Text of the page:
May 14, 2010
The Road - A Movie Review
A post-apocalyptic tale describing a journey taken by a father and his young son over a period of several months across a landscape blasted years before by an unnamed cataclysm that destroyed civilization and, seemingly, most life on earth. The Road is an amazing film few of you are likely to see. Not due to snobbery or lack of interest but because it depicts the arduous, grimy journey of a father and son across an American wasteland, as they avoid cannibalistic drifters and cling to life's most primal elements - survival, love, hope.
Hardly the best prospect for a gut-busting night at the cinema. First date movie? Erm, no. Rip-snorting horror flick? Look elsewhere. Sci-fi action adventure? Not really. No Country For Old Men author Cormac McCarthy is so hot right now that it's unsurprising his Pulitzer Prize-winning novel The Road got the big-screen green light. Unlike No Country, The Road's scope and vivid handling aren't attached to a story that is an instant candidate for movie entertainment.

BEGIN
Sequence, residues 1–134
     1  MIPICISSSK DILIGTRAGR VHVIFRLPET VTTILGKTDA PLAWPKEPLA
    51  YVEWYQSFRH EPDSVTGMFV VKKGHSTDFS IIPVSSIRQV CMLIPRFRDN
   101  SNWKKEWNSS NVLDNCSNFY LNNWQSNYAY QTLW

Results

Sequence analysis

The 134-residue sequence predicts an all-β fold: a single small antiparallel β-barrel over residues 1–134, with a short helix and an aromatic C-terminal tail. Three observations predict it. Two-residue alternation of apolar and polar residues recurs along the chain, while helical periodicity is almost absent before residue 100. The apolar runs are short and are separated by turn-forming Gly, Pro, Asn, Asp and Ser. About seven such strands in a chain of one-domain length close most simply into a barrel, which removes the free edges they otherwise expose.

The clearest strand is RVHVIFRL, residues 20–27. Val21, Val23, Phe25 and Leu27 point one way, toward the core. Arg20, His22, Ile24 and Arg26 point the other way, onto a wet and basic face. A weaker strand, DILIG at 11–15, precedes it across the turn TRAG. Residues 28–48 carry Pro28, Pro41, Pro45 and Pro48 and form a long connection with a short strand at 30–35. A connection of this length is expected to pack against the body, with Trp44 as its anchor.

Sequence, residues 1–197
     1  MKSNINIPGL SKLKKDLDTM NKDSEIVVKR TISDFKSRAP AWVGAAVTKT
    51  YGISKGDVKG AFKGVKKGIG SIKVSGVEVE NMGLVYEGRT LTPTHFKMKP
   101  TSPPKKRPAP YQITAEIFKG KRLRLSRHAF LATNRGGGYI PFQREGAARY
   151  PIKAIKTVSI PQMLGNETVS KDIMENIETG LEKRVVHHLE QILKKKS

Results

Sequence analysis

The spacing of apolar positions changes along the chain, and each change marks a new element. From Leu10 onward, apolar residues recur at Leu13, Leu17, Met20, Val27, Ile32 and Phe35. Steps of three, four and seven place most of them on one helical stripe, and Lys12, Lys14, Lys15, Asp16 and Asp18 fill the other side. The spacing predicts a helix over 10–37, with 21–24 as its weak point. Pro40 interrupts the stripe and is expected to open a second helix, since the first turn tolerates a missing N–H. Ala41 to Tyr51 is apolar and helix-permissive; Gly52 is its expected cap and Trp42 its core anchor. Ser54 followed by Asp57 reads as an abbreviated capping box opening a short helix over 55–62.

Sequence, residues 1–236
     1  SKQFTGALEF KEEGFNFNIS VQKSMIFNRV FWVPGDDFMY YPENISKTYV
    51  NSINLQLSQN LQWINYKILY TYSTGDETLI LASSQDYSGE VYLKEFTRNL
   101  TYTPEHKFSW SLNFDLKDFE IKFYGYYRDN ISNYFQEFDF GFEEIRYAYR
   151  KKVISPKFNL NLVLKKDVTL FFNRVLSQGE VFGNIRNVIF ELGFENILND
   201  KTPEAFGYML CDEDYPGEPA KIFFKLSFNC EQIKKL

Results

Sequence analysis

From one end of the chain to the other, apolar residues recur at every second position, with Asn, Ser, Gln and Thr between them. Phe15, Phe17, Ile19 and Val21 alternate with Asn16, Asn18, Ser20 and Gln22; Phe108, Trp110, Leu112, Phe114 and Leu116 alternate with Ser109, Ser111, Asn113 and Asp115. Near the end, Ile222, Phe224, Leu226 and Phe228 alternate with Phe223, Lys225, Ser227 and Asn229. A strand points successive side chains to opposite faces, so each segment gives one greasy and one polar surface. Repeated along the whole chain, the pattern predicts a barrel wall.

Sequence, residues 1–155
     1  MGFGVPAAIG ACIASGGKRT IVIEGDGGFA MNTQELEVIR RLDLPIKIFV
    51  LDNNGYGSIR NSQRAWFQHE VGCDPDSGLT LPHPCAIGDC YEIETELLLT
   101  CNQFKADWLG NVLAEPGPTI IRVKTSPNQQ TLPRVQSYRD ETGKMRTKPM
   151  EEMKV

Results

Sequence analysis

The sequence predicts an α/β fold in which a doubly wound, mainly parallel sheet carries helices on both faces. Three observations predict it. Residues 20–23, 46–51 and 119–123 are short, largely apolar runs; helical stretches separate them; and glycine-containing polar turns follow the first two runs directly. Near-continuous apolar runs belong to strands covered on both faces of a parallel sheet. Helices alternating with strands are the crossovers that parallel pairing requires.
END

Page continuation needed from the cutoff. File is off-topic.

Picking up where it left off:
Watching Viggo Mortensen and Kodi Smit-McPhee (a terrific young Australian actor) struggle with starvation, physical danger and deathly gloom is far from No Country's drug-deal-goes-wrong plot. Instead, The Road is a bleak, depressing odyssey you can firmly admire and marvel at, even as it rips your heart out. How underrated and highly skilled Australian director John Hillcoat (The Proposition) has realised McCarthy's doom fable is impressive merely due to his being able to visually re-create the intense atmosphere McCarthy spelled out.
On a tiny Hollywood budget, Hillcoat uses devastated locations and shrewd special effects to immerse us within the painterly pain and hostility of a dying world. Though the film is hopelessly bleak, I still highly recommend it.